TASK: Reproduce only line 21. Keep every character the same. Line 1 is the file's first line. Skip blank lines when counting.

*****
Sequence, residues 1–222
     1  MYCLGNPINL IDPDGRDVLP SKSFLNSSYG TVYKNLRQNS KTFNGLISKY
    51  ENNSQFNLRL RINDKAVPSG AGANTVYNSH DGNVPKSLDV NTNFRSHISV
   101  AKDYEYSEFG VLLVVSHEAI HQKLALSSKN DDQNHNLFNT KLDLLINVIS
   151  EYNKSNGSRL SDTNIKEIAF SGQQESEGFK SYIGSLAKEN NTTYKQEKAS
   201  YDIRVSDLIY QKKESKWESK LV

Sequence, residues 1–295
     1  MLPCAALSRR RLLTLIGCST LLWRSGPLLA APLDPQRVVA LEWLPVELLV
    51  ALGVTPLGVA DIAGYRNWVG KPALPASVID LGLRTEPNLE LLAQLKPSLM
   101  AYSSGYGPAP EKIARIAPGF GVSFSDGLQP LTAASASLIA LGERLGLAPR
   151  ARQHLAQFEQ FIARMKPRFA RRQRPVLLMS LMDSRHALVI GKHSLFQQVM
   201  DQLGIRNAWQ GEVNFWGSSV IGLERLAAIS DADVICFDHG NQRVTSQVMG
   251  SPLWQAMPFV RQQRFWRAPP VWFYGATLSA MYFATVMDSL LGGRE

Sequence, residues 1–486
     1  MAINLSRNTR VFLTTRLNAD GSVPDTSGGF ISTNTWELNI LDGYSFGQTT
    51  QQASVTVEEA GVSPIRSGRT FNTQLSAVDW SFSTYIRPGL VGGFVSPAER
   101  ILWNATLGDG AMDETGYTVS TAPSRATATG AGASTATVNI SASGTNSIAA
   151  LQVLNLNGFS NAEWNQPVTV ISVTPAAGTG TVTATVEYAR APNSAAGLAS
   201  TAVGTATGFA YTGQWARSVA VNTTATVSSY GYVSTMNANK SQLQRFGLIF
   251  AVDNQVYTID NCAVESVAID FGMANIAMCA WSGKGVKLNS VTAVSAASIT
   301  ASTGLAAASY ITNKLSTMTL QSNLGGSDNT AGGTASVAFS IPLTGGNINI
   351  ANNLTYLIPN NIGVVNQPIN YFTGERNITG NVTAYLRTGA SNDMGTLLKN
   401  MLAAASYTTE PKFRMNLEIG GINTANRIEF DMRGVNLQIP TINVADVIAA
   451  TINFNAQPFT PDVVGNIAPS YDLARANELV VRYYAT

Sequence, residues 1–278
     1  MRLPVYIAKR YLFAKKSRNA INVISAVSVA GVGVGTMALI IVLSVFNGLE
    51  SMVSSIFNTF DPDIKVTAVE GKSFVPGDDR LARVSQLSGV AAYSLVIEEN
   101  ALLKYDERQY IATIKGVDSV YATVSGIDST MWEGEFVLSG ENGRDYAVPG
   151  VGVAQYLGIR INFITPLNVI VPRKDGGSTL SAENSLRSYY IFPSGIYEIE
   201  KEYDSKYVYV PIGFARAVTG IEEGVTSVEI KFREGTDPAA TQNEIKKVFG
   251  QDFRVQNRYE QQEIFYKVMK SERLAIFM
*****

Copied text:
   301  ASTGLAAASY ITNKLSTMTL QSNLGGSDNT AGGTASVAFS IPLTGGNINI